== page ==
Charlie Stross's keynote at the 34th Chaos Communications Congress Leipzig is entitled "Dude, you broke the Future!" and it's an excellent, Strossian look at the future we're barelling towards, best understood by a critical examination of the past we've just gone through.
Stross is very interested in what it means that today's tech billionaires are terrified of being slaughtered by psychotic runaway AIs. Like Ted Chiang and me, Stross thinks that corporations are "slow AIs" that show what happens when we build "machines" designed to optimize for one kind of growth above all moral or ethical considerations, and that these captains of industry are projecting their fears of the businesses they nominally command onto the computers around them.
Stross says we should be especially worried about machines designed to command ever-larger slices of our attention, without regard to whether we're made happier through this process (after all, you can make someone pay attention to you by driving them nuts, something that's often easier than pleasing them.
He traces the original sin of attention-optimizing autonomous artificial life-forms to the advertising-driven web, which grew up in the dotcom bubble, and suggests that perhaps paid media built on something like microtransactions would have had a better outcome.
I think that this is a causality error, though. The dotcom boom was also an economic bubble because the dotcoms came of age at a tipping point in financial deregulation, the point at which the Reagan-Clinton-Bush reforms that took the Depression-era brakes off financialization were really picking up steam. That meant that the tech industry's heady pace of development was the first testbed for treating corporate growth as the greatest virtue, built on the lie of the fiduciary duty to increase profit above all other considerations.
Thanks to the work of Thomas Piketty, we know that the collapse of regulation was driven by the accumulation of capital into fewer and fewer hands, meaning that power was weakly consolidated with the wealthy, who used that power to push for more wealth accumulation and more power.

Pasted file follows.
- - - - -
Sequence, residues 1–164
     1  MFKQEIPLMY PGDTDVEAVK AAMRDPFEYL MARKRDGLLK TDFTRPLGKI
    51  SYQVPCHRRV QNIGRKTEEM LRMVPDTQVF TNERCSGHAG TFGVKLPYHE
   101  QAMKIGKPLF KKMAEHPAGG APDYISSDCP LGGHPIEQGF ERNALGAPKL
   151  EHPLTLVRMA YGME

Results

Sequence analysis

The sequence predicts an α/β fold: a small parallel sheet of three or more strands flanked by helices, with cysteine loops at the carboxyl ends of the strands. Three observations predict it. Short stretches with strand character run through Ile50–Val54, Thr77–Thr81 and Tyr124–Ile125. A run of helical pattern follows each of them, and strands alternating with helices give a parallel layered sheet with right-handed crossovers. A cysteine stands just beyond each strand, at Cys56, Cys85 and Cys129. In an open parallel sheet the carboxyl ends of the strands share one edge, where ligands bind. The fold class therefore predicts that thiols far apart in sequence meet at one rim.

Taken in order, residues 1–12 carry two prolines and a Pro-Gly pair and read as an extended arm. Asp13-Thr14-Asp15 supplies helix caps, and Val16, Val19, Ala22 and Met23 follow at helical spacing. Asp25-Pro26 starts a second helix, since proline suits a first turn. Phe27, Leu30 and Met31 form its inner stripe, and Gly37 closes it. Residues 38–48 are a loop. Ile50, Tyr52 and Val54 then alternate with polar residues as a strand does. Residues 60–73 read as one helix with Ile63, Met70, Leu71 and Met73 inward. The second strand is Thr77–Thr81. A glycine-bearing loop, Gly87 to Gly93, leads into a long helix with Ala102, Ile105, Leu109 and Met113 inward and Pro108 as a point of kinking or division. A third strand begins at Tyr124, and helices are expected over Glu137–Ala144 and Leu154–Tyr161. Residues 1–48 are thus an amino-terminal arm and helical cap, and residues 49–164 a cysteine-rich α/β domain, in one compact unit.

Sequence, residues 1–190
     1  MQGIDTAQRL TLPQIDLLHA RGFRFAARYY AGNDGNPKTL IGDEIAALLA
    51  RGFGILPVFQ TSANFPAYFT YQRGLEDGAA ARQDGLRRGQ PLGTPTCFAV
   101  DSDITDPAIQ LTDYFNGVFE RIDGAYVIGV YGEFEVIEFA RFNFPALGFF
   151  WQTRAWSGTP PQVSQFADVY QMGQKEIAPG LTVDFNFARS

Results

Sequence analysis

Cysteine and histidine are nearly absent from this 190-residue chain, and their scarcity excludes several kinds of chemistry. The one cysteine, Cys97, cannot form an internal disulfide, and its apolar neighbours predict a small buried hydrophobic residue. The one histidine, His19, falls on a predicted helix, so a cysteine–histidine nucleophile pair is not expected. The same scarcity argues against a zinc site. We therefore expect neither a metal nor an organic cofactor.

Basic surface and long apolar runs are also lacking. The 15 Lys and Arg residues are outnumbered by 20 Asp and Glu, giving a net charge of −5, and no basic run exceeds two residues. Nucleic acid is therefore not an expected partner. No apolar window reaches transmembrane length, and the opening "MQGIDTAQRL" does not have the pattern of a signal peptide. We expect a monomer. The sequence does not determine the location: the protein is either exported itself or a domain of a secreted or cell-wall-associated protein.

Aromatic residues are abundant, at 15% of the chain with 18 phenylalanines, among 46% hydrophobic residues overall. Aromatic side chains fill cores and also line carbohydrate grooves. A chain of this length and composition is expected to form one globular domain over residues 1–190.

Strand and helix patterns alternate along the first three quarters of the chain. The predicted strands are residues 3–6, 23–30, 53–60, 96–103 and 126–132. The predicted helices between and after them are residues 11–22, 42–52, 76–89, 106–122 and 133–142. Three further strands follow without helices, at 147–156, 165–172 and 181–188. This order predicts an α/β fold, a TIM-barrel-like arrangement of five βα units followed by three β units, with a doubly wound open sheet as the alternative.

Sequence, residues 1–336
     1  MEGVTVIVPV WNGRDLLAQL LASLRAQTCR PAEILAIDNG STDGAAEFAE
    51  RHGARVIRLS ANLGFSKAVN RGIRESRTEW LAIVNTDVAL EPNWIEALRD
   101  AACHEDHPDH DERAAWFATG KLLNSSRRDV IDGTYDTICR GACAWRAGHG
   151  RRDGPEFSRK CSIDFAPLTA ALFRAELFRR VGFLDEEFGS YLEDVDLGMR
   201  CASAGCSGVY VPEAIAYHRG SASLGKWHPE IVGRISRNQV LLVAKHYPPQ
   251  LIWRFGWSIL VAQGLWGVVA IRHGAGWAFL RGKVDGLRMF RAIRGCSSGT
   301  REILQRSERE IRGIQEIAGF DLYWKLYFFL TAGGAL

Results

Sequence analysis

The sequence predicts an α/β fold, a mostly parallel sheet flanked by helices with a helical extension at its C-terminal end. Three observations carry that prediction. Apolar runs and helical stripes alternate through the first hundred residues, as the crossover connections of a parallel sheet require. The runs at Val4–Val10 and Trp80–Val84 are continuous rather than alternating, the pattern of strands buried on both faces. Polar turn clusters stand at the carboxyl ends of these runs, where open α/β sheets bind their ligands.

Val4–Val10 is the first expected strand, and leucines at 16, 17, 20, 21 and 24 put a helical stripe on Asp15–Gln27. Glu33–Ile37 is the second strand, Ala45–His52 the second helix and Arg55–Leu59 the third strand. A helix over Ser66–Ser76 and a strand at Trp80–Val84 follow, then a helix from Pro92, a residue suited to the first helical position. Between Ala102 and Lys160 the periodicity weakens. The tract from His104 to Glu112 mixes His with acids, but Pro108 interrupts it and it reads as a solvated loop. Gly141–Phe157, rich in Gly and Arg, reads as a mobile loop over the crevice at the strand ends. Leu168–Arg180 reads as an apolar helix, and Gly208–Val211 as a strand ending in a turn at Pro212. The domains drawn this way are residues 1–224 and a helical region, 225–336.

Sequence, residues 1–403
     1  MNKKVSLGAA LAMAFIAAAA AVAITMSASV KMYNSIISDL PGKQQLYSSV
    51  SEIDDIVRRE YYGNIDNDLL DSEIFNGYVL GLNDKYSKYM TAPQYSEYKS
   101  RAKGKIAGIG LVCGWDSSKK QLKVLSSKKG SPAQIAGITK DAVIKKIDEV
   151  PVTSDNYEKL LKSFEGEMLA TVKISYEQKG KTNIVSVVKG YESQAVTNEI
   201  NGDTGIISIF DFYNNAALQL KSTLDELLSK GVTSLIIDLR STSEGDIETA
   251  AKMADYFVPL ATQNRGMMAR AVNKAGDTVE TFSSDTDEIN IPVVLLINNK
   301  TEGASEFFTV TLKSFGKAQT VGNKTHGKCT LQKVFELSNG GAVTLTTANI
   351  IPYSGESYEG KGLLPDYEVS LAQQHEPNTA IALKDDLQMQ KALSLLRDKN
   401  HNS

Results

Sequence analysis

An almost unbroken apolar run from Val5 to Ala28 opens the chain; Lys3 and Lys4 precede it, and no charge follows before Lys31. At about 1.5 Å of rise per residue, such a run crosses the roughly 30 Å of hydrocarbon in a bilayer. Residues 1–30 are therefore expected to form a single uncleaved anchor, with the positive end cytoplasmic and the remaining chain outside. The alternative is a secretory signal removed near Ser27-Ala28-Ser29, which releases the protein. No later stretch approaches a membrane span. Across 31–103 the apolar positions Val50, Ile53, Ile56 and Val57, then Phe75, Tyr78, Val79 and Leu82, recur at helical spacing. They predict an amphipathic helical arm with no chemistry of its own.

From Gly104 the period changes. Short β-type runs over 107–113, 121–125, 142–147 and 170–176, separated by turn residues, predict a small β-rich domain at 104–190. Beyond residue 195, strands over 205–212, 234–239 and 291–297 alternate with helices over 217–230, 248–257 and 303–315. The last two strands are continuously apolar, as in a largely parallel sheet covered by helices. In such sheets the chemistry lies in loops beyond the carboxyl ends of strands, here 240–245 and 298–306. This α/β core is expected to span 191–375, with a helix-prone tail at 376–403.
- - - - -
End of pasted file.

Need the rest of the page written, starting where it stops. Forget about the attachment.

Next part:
All this to say that if the web had been built on direct transactions through micropayments, the slow AIs of the corporate world would have still figured out how to toxify the web and the discourse that ran over it. If clicks were worth direct money (as opposed to indirect money, paid through ad brokers), the same forces that optimized for attention-grabbing to attract eyeballs would have just optimized for microtransaction grabbing.
At the same time, the consolidation of power in a few winners' hands has meant that attention-hungry corporations like Facebook and Google are increasingly able to use law and regulation to prevent public interest groups or competitors from making tools that give you, the user, more control over your online experience, the ability to subvert their algorithms' gaming of your attention without having to sacrifice the social connections and utility that the companies deliver. The early web lived in a dynamic between attention harvesting tools and attention defending tools like popup blockers; that's a much more fraught proposition on today's web.
Stross's overall point, though, is an excellent one. The artificial lifeforms birthed by finance capitalism and technology are taking over, and they are consuming our political and deliberative processes.
We're living in yesterday's future, and it's nothing like the speculations of our authors and film/TV producers. As a working science fiction novelist, I take a professional interest in how we get predictions about the future wrong, and why, so that I can avoid repeating the same mistakes. Science fiction is written by people embedded within a society with expectations and political assumptions that bias us towards looking at the shiny surface of new technologies rather than asking how human beings will use them, and to taking narratives of progress at face value rather than asking what hidden agenda they serve.
In this talk, author Charles Stross will give a rambling, discursive, and angry tour of what went wrong with the 21st century, why we didn't see it coming, where we can expect it to go next, and a few suggestions for what to do about it if we don't like it.
Dude, you broke the Future! [34C3]